The Advanced Medical Technology Association has just released a set of “Guiding Principles for Direct to Consumer Device Advertising. “ The principles are intended to help assure that patients have accurate and meaningful information about health care treatment options and encourage them to speak with their physician. Direct-to-consumer (DTC) advertising can be an important tool for educating patients about advanced medical technologies, which are making life better for patients through faster recovery and better outcomes and in many cases, reducing health care costs.
The Advanced Medical Technology Association (AdvaMed) is the world’s largest
association representing manufacturers of medical devices, diagnostic products, and
medical information systems. AdvaMed members and subsidiaries manufacture nearly
90 percent of the health care technology products purchased annually in the United
States and more than 50 percent of the health care technologies purchased annually
around the world.
The voluntary guidelines contain 13 principles that support compliance with the Food and Drug Administration’s and Federal Trade Commission’s existing direct-to-consumer regulations. They also include additional principles, which include revising or withdrawing ads when new safety-risk information comes to light; excluding any content designed to minimize risk information; educating healthcare professionals about new products or new-use indications before the launch of an ad campaign; and submitting TV ads for restricted devices to the FDA at the time of an ad’s release.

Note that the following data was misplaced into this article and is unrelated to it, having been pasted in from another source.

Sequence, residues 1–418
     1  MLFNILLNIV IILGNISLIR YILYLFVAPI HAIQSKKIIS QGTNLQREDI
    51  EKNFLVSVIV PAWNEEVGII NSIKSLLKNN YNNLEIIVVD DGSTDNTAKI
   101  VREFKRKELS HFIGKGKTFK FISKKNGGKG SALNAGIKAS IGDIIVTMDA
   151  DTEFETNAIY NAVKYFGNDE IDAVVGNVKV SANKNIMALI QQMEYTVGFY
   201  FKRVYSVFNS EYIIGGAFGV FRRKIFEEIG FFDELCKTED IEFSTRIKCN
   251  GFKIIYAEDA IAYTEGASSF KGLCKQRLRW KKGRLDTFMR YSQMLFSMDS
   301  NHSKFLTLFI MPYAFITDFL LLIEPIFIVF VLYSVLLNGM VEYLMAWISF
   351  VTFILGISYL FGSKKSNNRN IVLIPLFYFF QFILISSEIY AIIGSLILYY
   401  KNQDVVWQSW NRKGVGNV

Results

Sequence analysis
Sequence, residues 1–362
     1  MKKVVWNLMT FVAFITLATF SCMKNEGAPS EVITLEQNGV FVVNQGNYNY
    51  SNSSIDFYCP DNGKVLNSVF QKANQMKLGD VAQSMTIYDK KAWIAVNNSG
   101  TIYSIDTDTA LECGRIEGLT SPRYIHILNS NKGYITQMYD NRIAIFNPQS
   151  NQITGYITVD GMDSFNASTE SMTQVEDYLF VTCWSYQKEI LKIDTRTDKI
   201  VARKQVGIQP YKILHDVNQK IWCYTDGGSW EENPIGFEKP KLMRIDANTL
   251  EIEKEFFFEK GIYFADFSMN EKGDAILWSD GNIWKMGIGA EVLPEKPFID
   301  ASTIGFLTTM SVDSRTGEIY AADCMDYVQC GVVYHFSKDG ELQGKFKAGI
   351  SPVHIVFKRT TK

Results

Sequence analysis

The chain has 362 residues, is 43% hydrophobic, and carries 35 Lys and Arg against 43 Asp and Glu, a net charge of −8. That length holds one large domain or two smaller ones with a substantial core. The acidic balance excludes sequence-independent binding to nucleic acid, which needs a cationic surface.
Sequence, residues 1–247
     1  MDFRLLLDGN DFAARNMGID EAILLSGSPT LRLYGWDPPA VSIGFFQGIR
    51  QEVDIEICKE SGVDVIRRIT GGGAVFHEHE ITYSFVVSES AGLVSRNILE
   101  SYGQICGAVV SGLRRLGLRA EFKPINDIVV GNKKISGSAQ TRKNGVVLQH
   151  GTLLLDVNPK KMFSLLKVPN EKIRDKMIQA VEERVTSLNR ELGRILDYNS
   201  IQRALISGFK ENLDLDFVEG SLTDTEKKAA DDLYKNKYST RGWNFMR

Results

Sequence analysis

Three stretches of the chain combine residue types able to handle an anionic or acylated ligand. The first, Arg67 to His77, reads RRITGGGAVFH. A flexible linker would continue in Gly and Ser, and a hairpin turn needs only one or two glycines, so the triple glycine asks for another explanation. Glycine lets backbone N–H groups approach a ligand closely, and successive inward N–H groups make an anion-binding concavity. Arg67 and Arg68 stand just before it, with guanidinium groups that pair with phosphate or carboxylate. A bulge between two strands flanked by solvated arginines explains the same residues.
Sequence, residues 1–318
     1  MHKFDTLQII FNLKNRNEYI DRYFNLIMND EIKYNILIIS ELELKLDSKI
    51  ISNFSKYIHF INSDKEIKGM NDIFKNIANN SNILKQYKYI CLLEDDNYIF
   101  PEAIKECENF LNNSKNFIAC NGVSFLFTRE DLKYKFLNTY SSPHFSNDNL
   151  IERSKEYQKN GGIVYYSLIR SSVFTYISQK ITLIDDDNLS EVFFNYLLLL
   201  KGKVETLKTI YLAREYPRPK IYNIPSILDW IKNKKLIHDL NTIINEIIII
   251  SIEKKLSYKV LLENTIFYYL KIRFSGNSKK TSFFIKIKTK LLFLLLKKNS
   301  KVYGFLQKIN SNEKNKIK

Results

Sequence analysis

The principles were not an effort to ward off regulation from Congress and the new Administration, but to respond to concerns that have been raised in the media in recent months about some DTC ads.
Readers of MassTortDefense know that plaintiffs try to make an issue of DTC advertising in failure to warn claims, and have succeeded in some contexts in having DTC advertising undermine the traditional learned intermediary rule.